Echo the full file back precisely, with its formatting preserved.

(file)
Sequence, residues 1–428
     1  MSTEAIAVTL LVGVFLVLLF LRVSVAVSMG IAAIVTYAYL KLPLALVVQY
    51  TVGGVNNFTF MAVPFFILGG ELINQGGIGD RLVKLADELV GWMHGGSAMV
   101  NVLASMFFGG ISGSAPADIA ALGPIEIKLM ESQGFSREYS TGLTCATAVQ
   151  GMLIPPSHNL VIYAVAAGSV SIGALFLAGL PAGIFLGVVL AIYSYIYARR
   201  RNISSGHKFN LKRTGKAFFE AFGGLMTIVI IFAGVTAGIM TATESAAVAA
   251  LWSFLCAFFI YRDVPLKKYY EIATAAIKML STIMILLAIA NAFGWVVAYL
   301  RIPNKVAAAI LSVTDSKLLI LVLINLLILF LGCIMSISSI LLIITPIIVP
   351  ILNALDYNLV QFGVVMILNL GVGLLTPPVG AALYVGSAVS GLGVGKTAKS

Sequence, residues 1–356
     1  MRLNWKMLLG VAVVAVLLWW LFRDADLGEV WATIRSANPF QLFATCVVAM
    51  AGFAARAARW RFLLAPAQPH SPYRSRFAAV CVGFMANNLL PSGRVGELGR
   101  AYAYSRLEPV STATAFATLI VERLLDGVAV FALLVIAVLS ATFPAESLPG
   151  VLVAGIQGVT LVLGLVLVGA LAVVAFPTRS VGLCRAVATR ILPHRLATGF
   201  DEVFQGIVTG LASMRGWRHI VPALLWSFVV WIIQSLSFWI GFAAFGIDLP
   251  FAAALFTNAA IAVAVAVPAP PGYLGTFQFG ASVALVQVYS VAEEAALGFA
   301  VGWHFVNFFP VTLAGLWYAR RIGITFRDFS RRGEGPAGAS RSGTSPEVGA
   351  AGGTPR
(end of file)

Sequence, residues 1–428
     1  MSTEAIAVTL LVGVFLVLLF LRVSVAVSMG IAAIVTYAYL KLPLALVVQY
    51  TVGGVNNFTF MAVPFFILGG ELINQGGIGD RLVKLADELV GWMHGGSAMV
   101  NVLASMFFGG ISGSAPADIA ALGPIEIKLM ESQGFSREYS TGLTCATAVQ
   151  GMLIPPSHNL VIYAVAAGSV SIGALFLAGL PAGIFLGVVL AIYSYIYARR
   201  RNISSGHKFN LKRTGKAFFE AFGGLMTIVI IFAGVTAGIM TATESAAVAA
   251  LWSFLCAFFI YRDVPLKKYY EIATAAIKML STIMILLAIA NAFGWVVAYL
   301  RIPNKVAAAI LSVTDSKLLI LVLINLLILF LGCIMSISSI LLIITPIIVP
   351  ILNALDYNLV QFGVVMILNL GVGLLTPPVG AALYVGSAVS GLGVGKTAKS

Sequence, residues 1–356
     1  MRLNWKMLLG VAVVAVLLWW LFRDADLGEV WATIRSANPF QLFATCVVAM
    51  AGFAARAARW RFLLAPAQPH SPYRSRFAAV CVGFMANNLL PSGRVGELGR
   101  AYAYSRLEPV STATAFATLI VERLLDGVAV FALLVIAVLS ATFPAESLPG
   151  VLVAGIQGVT LVLGLVLVGA LAVVAFPTRS VGLCRAVATR ILPHRLATGF
   201  DEVFQGIVTG LASMRGWRHI VPALLWSFVV WIIQSLSFWI GFAAFGIDLP
   251  FAAALFTNAA IAVAVAVPAP PGYLGTFQFG ASVALVQVYS VAEEAALGFA
   301  VGWHFVNFFP VTLAGLWYAR RIGITFRDFS RRGEGPAGAS RSGTSPEVGA
   351  AGGTPR